With many rumours circulating about the make up of Super League and, indeed, northern hemisphere rugby league for 2019 and beyond, Get ’em Onside looks at one of the apparently more likely scenarios…
Super League clubs are keen to ensure the majority of funding coming into the sport goes to them rather than sharing further down the pyramid; arguing that many clubs don’t offer anything to the growth of the sport. Such is the nature of rugby league outside of Super League, most teams are part time both on and off the field and many don’t have the marketing departments that come with being a full time club with a strong reputation. As such, RFL funding often keeps the clubs at this level going.
It seems quite likely that the future of Super League and funding in the sport will, one way or another, ensure the top tier clubs get a much larger share of the pie, quite possibly all of it. The likely scenario seems to be there there are two tiers of ten teams, forming a new look Super League structure. Those twenty teams would then get the funding to split amongst them. As for the rest? They may well be on their own. But who are the twenty teams likely to get a spot?
Obviously, the current twelve Super League clubs would be shoe ins to be involved. Throw in Leigh Centurions, Toronto Wolfpack, London Broncos, Toulouse and Featherstone from the Championship and you are up to seventeen. Bradford Bulls would probably be included as well, leaving two spaces – but how would they be decided? There are Championship teams who would fancy their chances, including Halifax, Dewsbury and Sheffield but also Oldham (recently relegated), Doncaster and York City Knights in League 1 who would have strong reasons supporting their inclusion. The latter are set to move into a new stadium in a year or two which would see their playing venue surpass what most Championship teams can offer. But this, of course, completely cuts out Cumbria where, if reports are to be believed, Marwan Koukash is hoping to set up a new club. The area already hosts Workington, Barrow and Whitehaven and is regarded as a rugby league hotbed, producing many Super League talents.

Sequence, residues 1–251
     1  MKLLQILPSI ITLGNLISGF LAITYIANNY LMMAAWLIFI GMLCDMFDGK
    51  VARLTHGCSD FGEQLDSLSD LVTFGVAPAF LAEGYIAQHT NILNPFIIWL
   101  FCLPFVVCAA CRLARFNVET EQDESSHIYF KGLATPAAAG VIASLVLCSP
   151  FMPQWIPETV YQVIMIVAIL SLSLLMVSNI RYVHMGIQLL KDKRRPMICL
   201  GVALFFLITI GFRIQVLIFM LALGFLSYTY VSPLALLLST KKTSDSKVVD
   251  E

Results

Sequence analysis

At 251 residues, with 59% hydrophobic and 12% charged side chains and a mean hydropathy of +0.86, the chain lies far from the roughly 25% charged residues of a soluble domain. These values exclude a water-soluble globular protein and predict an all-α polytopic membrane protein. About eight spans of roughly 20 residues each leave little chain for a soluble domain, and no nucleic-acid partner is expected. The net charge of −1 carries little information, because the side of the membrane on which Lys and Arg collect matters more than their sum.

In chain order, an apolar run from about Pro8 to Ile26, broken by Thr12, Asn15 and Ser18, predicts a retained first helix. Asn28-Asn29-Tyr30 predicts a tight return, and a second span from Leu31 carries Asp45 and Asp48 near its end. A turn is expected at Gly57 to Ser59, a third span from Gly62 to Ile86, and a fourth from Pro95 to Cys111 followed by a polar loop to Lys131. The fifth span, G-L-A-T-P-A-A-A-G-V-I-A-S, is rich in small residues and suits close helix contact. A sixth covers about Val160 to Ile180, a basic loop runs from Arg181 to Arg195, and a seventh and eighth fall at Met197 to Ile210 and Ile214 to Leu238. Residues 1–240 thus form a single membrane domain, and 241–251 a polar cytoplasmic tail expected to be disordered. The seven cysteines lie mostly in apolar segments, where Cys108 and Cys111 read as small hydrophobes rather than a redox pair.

That last point may be something to focus on. If the money is to go to solely Super League – one tier or two – teams, solidarity payments should be paid to those outside who produce their talent. Furthermore, there should be a clear way for those clubs outside to earn their way into the Super League system; certain off field criteria met demonstrating solid structure, youth development and fan engagement. Writing as a blogger based in York, the City Knights were the team I followed when I was younger and still have a strong interest in now. Over the years, the club have played a huge part in developing talent for Super League; Danny Brough was a Knights player in the mid noughties and, more recently, Greg Minikin and Tom Lineham have come through York’s youth system and now play at the very top level. If a team like that was to miss out on Super League and funding despite the work they do then it would be a travesty.
In football, a share of transfer fees gets passed down to clubs where the individual started his career, thus rewarding those who invested time and energy in ensuring the player had the best grounding they could. In turn, if teams outside of the twenty have clear criteria to meet in order to be admitted in future to the Super League structure, it would benefit the game as a whole most probably; more youngsters developed and a stronger game thanks to teams being forced to run effectively as, without RFL funding, they would simply have to be operated properly to stay in existence. Then, a few years down the line, that group of twenty teams could turn into twenty one strong teams, then twenty two and so on. An odd number of teams wouldn’t be an issue either – NRL teams used to operate with having byes throughout the season which could, of course, give players more training time and recuperation mid season.
This, of course, is not set in stone but it is merely this writer’s opinion.